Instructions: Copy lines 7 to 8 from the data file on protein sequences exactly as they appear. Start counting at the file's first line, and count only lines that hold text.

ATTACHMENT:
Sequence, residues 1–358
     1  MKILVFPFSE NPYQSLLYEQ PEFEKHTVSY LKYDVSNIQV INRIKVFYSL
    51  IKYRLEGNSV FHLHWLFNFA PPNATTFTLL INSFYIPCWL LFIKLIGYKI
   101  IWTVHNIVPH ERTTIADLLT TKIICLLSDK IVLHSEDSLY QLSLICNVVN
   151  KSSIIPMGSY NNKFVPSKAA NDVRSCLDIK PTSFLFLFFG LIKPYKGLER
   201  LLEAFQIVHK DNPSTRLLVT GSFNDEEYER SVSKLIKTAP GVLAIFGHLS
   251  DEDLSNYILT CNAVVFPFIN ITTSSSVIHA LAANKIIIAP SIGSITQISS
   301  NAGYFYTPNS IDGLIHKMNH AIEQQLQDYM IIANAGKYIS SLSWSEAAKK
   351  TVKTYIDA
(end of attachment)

   251  DEDLSNYILT CNAVVFPFIN ITTSSSVIHA LAANKIIIAP SIGSITQISS
   301  NAGYFYTPNS IDGLIHKMNH AIEQQLQDYM IIANAGKYIS SLSWSEAAKK